I’ve never been much into craft classes. Books and the internet are my normal sources of training, because they are available when I want to know something. Which is usually so that I can start something NOW.
But every now and then, something catches my eye. I had seen that the University of Leeds had an exhibition called Resists: exploring resist-dyed textiles across cultures, which runs until 13th December 2018, and I was toying with the idea of going. But I was busy with work, and it is a long way to go. Then I saw they were running a stitch resist workshop afternoon, so combining the two seemed like a good bet.
Bintan Titisari gave us some background to this traditional Indonesian techniques, showing us the range of effects that are created on various different islands, and some of the traditional motifs. We were then let loose with cotton bags and a pencil to create our own designs. Mine combines two traditional motifs, with the general plan of representing a storm, with rain coming from the cloud motifs, a blue background, and rainbow colours appearing at random.
Once our designs were complete, we sewed along the lines with running stitch, gathered up the stitching, and tied the thread in very firm knots. This technique is a form of tie dying, where the dye can’t get at all the fabric because of the bulk of the fabric round the gathers. I intended to take a picture at this stage, but we were running out of time, so I forgot. Bother.
The next stage was to move into a lab to apply the colour. It felt very strange to be decked out in lab coats, goggles, and gloves to mix and apply Dylon, which is safe to use in your kitchen at home. We had dye in primary colours, and after soaking our bags in a background colour for 15 minutes, we moved on to carefully squirting other colours in selected places using plastic ketchup bottles, which seems rather incongruous in a lab. We could then choose whether we went for the technical option of leaving our bags to be “cooked” at 40°C for 24 hours in the University’s special colour setting oven, or taking it home and leaving it wrapped in cling film for 24 hours. I went for the latter option, to avoid going back to collect the bag. The picture shows my dyed bag being properly wrapped by two experienced textile specialists.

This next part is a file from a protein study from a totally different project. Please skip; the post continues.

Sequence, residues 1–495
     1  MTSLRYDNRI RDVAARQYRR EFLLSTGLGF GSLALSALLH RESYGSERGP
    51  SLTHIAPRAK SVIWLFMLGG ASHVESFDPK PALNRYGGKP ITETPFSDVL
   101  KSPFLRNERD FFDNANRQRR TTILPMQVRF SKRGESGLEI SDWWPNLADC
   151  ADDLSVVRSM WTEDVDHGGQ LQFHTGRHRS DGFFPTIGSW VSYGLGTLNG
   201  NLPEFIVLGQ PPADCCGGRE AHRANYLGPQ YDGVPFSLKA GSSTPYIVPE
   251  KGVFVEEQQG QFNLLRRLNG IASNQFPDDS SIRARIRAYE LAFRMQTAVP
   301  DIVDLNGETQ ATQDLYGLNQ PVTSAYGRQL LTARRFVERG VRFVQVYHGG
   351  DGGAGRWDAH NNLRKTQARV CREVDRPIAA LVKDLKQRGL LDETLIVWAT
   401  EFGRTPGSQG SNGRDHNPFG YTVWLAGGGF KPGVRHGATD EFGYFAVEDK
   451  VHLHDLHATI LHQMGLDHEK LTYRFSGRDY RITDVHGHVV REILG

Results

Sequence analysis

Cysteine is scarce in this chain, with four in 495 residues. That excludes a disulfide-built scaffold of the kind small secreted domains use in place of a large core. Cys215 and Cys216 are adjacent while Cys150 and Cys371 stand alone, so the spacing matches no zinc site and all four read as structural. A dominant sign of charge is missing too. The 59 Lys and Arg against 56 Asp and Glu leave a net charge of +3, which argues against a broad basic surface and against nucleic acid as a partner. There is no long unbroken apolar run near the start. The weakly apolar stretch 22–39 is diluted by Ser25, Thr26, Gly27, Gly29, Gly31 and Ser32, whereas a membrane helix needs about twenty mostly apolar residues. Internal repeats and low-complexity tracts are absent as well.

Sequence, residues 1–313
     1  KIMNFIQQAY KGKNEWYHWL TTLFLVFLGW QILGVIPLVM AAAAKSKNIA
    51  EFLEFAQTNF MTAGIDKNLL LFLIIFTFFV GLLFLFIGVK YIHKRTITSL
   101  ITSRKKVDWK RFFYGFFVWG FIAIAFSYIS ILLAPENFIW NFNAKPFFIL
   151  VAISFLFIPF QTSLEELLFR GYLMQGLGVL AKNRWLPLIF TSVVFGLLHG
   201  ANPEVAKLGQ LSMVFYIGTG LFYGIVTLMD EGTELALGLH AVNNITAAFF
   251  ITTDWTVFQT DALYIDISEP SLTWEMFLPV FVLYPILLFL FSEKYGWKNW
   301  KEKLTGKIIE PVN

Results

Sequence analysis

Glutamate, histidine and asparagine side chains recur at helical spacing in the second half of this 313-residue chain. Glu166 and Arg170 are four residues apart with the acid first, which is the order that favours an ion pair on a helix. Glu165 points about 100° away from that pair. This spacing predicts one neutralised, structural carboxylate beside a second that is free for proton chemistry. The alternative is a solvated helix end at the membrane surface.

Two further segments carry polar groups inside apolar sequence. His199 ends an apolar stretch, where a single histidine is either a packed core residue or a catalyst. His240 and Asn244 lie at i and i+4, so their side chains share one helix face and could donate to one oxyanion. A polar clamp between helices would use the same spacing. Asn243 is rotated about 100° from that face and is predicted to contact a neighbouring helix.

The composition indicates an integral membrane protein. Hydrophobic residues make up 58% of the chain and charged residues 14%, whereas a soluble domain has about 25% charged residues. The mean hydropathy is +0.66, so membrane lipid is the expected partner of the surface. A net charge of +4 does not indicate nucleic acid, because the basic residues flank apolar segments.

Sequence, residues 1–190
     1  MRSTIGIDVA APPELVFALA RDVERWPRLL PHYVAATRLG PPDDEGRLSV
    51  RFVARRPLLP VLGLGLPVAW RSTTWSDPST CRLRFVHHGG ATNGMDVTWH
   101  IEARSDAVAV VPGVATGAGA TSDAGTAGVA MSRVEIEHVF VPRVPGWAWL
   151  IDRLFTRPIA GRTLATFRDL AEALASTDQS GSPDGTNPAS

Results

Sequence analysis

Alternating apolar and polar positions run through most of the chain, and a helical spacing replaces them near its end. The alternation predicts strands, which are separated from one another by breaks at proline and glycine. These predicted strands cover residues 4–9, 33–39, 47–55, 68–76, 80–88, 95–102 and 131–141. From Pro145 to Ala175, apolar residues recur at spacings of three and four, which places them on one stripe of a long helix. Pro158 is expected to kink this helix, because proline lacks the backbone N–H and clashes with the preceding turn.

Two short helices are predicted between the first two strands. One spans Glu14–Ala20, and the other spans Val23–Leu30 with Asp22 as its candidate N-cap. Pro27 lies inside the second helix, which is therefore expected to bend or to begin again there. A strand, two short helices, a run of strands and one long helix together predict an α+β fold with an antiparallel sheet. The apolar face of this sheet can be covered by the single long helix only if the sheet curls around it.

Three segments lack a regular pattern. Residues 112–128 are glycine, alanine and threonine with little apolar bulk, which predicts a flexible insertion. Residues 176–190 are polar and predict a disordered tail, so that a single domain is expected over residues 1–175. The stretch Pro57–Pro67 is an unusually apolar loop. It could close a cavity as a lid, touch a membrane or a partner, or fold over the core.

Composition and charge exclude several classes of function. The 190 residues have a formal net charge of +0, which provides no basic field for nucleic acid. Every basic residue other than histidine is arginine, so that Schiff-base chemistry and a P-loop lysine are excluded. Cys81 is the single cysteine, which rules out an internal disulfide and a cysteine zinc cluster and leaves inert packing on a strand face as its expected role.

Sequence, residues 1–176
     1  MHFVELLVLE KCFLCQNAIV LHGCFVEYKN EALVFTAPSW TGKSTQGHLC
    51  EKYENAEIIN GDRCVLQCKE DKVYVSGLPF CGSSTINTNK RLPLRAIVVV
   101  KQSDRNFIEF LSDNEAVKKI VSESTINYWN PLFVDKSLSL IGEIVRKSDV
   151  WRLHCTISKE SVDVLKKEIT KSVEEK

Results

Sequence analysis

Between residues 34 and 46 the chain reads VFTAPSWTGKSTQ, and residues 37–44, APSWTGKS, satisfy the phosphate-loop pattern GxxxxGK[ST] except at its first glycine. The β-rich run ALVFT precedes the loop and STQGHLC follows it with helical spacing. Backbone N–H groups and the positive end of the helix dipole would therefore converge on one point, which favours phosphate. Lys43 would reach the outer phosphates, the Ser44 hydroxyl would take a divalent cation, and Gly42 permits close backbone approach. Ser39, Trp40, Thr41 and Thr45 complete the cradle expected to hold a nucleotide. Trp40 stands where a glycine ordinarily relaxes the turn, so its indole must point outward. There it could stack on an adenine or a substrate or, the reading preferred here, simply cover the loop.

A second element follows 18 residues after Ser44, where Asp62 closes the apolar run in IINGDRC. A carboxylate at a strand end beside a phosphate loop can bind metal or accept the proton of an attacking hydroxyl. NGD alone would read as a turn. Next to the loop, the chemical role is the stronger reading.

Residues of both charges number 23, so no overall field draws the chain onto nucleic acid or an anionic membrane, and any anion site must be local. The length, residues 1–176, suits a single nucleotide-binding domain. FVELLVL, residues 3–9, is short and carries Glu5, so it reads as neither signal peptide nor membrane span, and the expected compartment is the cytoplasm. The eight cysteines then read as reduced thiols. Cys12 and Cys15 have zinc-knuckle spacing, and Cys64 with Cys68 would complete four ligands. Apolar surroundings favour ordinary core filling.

Once the parcel had matured for 24 hours (OK a bit longer, while I got round to it), I rinsed the bag in cold water and left it to dry, before undoing the knots and releasing the stitches. At this stage, the cotton is crinkled where the stitches used to be. It is possible to stitch both sides of the bag separately, but as you can see, to save time, I sewed through both layers at once. The two sides are slightly different, due to different amounts of extra colour being applied.
To remove some of the creases, I soaked it in water again, dried and ironed it.
I’m pleased with the result, but it is interesting to see that you can see the places where I was rushing because I was running out of time.
I always think it is interesting to reflect on what I’ve actually learned on any training course. Sometimes it isn’t what it I expected it to be. The most useful things from this course were:
- I was reminded of a method of making a knot at the end of your thread. Hold the end of the thread on your needle with your thumb, wrap the thread round the needle 4 or 5 times, and pull the needle through the loops. How could I have forgotten that?
- I was introduced to cotton darners. This type of needle was easy to thread, and good for any technique where you are making long lines of stitches, or large straight stitches. They are easily available in good old Samuel Taylors in Leeds, but I didn’t have time to go back there on the way to the train. I’ve had blank looks in several shops, but have now found a pack.
- When I’ve tried this technique on my own, I have used a strong polyester thread. The thread we used was slightly rough, which helps to hold the fabric in place. This photo is not the best, but it serves as a quick reminder of the “new” needles and thread.